Amazon recently announced that it will be enforcing its long-held requirement for sellers on its platforms worldwide to have liability insurance. Ever since I started selling on Amazon in 2010, sellers with over $10K/month in sales have been required to have product liability insurance. However, Amazon didn’t do much more than send sellers some emails with a link to upload their documents.
In light of recent lawsuits that held Amazon liable for products sold on their platform, Amazon is cracking down. There’s good news and bad news in this announcement for sellers:
Good News About Amazon’s Seller Insurance Requirements
- Amazon will cover all claims of $1,000 or less for sellers with no penalty to sellers.
- Amazon has provided a list of approved carriers and an international insurance broker (Marsh) to help sellers find the right insurance for their businesses.
- The right insurance will cover you on all the other platforms you sell on (including your own website).
Bad News About Amazon’s New Insurance Requirements
- Most sellers must comply by September 1, 2021, which isn’t a lot of time.
- Sellers who are normally under the $10K per month threshold may be required to get insurance.
- Foreign-based sellers must purchase in their local country and have a global protection policy.
- Amazon must be added as an additional insured and notified if the policy is cancelled or expires – this is not typical with most carriers.
- Your insured name must match the “legal entity” name you provided to Amazon which could be expensive or complicated for entities with multiple names and unusual structures (like holding companies) who own the business.
- Amazon sellers are on the hook for claims above $1,000 which are usually quite large because they are often lawsuits. $1M in coverage may not be enough to protect you.
Frequently Asked Questions About Amazon’s Enforcement of its Insurance Policies
Some sellers have been taken by surprise by this news. They either didn’t realize they were required to have insurance or thought they were exempt because they are not based in the United States. Here are answers to some of the questions we are seeing from our Amazon seller clients:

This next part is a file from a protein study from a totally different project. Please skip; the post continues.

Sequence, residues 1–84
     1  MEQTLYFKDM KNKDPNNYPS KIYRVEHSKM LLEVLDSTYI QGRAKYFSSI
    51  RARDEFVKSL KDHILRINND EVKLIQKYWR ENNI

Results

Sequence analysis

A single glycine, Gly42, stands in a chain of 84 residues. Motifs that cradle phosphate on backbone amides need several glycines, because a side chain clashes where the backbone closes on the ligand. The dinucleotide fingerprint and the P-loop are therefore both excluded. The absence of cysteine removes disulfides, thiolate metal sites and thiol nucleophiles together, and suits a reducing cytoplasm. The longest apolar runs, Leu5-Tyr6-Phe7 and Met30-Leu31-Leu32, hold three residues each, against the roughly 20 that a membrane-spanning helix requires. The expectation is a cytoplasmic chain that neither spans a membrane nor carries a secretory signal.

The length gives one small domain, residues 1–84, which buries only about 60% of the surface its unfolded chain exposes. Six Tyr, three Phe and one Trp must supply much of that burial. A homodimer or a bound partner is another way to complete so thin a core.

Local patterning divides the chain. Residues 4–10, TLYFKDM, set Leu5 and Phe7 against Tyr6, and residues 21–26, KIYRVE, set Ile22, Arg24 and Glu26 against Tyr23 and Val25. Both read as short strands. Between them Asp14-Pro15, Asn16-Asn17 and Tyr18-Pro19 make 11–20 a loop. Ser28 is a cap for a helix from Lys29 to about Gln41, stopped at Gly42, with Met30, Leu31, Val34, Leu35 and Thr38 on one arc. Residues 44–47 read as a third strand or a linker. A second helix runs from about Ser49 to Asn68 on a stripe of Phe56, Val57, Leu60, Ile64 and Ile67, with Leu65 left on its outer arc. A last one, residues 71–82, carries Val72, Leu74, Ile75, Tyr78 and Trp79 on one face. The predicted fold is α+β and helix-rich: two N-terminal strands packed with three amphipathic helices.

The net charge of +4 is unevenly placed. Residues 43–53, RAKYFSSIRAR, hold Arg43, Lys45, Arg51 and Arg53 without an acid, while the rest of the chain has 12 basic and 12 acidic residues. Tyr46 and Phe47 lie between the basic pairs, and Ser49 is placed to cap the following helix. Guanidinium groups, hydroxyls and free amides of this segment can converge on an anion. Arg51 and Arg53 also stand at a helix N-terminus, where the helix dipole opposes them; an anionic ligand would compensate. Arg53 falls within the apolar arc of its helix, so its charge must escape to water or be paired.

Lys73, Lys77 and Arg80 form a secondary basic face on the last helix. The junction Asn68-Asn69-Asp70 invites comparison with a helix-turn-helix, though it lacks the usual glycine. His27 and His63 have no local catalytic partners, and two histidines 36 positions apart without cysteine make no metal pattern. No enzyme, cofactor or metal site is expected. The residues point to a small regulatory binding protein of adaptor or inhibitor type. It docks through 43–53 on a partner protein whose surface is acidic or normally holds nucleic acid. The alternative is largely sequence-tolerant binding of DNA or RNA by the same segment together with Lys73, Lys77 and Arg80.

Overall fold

Q: I usually don’t sell more than $10K a month except during Q4. Do I need insurance?
Yes. Once you hit that threshold you must provide insurance to Amazon.
Q: My current carriers don’t notify “additional insureds.” Will Amazon enforce on this requirement?
I am confident they will. This is a crucial part of their new policy because sellers have been known to get insurance and then not renew it or get it and cancel it because they don’t want the expense. Amazon needs its sellers able to handle the bigger lawsuits that are over $1,000. According to Amazon’s numbers, 80% of claims are less than $1,000. They will cover these for us if our insurance covers the big lawsuits.
As to whether Amazon will suspend sellers, I don’t know. Amazon account suspensions tend to be their go-to punishment. They do have other options, however. They may choose to withhold disbursements, for example.
Q: I’m based in another country; how do I get the insurance Amazon requires?
You would get your insurance in your local country and make sure it has a global product liability rider. Your provider must have global claim handling capability and an “A” rating from S&P and/or AM Best or better. A local equivalent is allowed if those ratings aren’t valid in your country.
Q: Does Amazon have pre-qualified insurance carriers?
Q: What are Amazon’s insurance requirements?
You can also read these requirements in Seller Central under “Business Insurance.” Your commercial liability insurance policy must meet all of the following criteria: